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Carmina Burana , Latin for 'Songs from Beuern' (short for: Benediktbeuern), is the name given to a manuscript of 254 poems and dramatic texts mostly from the 11th or 12th century, although some are from the 13th century. The pieces are mostly bawdy, irreverent, and satirical; they were written principally in Medieval Latin; a few in Middle High German, and some with traces of Old French or Provençal. Some are macaronic, a mixture of Latin and German or French vernacular.
They were written by students and clergy when the Latin idiom was the lingua franca across Italy and western Europe for travelling scholars, universities and theologians. Most of the poems and songs appear to be the work of Goliards, clergy (mostly students) who set up and satirized the Catholic Church. The collection preserves the works of a number of poets, including Peter of Blois, Walter of Châtillon and an anonymous poet, referred to as the Archpoet.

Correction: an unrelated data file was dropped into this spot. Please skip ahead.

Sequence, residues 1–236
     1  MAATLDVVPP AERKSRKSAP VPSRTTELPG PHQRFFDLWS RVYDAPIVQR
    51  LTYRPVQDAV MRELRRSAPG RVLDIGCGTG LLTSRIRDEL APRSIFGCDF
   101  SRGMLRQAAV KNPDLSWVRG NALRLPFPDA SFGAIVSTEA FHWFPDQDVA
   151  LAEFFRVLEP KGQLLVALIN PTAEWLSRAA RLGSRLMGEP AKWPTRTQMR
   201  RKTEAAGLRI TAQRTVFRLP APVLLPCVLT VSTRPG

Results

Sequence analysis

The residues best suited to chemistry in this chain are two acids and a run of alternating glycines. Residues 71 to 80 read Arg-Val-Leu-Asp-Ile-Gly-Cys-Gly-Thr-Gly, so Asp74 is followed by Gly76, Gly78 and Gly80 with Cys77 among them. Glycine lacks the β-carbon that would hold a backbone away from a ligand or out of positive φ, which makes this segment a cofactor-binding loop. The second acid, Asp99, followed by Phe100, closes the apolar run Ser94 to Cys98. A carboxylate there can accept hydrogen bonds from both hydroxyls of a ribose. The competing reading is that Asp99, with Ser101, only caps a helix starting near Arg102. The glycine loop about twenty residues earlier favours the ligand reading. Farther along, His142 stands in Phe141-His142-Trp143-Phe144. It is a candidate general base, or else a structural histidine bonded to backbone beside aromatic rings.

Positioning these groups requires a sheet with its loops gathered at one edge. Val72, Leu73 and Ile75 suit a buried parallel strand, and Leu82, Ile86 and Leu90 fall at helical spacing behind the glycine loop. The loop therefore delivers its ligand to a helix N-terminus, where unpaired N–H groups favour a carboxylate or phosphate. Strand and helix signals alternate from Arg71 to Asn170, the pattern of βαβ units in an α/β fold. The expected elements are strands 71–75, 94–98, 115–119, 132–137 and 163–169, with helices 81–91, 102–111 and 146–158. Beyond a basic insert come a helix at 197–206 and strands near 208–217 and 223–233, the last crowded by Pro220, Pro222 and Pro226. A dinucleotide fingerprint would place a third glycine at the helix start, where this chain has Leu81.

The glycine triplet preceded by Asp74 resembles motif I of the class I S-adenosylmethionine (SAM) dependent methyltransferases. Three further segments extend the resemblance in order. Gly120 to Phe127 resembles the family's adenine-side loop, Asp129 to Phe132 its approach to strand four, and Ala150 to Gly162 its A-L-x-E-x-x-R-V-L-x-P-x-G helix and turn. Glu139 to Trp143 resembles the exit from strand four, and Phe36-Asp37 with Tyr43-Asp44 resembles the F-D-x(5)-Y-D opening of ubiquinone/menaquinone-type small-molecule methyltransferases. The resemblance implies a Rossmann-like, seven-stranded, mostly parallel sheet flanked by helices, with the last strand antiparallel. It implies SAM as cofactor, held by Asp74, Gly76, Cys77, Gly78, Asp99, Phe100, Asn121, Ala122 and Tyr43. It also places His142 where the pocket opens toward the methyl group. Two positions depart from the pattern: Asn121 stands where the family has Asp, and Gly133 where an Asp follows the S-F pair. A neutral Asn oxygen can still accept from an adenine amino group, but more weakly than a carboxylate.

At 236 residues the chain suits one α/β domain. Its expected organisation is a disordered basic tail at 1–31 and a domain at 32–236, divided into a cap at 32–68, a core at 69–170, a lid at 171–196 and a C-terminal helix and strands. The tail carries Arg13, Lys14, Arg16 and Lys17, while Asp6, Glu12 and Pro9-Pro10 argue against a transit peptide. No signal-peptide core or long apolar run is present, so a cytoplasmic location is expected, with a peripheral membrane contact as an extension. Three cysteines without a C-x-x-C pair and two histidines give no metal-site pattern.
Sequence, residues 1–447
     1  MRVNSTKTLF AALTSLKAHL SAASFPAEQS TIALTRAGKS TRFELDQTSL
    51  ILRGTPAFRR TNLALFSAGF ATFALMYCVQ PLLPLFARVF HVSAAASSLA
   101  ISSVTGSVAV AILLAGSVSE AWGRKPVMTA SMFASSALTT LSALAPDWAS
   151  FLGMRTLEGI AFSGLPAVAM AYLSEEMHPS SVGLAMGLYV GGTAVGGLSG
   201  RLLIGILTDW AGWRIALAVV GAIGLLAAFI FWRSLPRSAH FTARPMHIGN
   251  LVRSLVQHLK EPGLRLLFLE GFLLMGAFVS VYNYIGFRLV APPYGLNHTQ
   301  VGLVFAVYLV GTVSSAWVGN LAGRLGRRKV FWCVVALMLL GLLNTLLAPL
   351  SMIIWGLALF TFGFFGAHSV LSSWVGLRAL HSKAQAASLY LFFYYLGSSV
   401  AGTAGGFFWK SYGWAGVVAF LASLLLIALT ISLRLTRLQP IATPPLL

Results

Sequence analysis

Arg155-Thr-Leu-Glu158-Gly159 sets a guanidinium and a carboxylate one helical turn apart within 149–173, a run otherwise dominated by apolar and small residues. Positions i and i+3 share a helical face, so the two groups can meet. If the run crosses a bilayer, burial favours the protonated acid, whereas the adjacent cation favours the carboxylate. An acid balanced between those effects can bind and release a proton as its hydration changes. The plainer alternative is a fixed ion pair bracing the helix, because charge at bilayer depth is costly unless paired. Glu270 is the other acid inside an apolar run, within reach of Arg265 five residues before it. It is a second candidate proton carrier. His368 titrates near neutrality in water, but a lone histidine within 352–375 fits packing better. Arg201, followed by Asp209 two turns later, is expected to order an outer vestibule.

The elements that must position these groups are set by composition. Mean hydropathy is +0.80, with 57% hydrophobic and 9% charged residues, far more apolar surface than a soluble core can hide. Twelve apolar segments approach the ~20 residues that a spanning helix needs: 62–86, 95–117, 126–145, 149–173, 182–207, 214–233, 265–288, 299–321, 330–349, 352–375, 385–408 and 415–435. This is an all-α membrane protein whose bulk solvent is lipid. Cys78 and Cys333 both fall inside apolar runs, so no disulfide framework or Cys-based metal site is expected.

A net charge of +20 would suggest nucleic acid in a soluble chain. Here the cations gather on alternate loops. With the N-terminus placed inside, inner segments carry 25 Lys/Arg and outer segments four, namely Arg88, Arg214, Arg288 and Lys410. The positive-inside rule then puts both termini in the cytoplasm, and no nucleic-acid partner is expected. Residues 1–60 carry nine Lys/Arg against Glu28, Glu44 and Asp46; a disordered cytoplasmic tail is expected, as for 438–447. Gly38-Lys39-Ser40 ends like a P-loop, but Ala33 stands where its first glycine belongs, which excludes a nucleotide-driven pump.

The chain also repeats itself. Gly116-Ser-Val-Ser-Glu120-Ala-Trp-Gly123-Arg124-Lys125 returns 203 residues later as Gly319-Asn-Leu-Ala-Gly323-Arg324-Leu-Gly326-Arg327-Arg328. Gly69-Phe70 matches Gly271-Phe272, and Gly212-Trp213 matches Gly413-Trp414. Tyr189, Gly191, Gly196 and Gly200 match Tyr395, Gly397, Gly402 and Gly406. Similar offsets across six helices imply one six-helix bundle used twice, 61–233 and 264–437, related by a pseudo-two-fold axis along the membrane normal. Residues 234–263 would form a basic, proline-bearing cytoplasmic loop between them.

The collection was found in 1803 in the Benedictine monastery of Benediktbeuern, Bavaria, and is now housed in the Bavarian State Library in Munich. Along with the Carmina Cantabrigiensia, the Carmina Burana is the most important collection of Goliard and vagabond songs.
The manuscripts reflect an 'international' European movement, with songs originating from Occitania, France, England, Scotland, Aragon, Castile and the Holy Roman Empire.
Twenty-four poems in Carmina Burana were set to music by Carl Orff in 1936; Orff's composition quickly became popular and a staple piece of the classical music repertoire. The opening and closing movement, 'O Fortuna´, has been used in numerous films.